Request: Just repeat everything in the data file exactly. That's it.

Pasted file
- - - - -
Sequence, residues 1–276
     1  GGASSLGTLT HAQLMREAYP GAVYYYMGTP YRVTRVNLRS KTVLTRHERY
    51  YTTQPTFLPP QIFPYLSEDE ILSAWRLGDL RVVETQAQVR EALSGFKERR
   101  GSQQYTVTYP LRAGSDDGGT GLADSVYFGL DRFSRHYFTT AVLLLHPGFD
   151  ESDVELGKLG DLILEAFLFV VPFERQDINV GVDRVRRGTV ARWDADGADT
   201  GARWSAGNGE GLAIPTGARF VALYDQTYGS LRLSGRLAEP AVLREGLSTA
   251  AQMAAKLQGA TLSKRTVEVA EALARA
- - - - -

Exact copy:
Sequence, residues 1–276
     1  GGASSLGTLT HAQLMREAYP GAVYYYMGTP YRVTRVNLRS KTVLTRHERY
    51  YTTQPTFLPP QIFPYLSEDE ILSAWRLGDL RVVETQAQVR EALSGFKERR
   101  GSQQYTVTYP LRAGSDDGGT GLADSVYFGL DRFSRHYFTT AVLLLHPGFD
   151  ESDVELGKLG DLILEAFLFV VPFERQDINV GVDRVRRGTV ARWDADGADT
   201  GARWSAGNGE GLAIPTGARF VALYDQTYGS LRLSGRLAEP AVLREGLSTA
   251  AQMAAKLQGA TLSKRTVEVA EALARA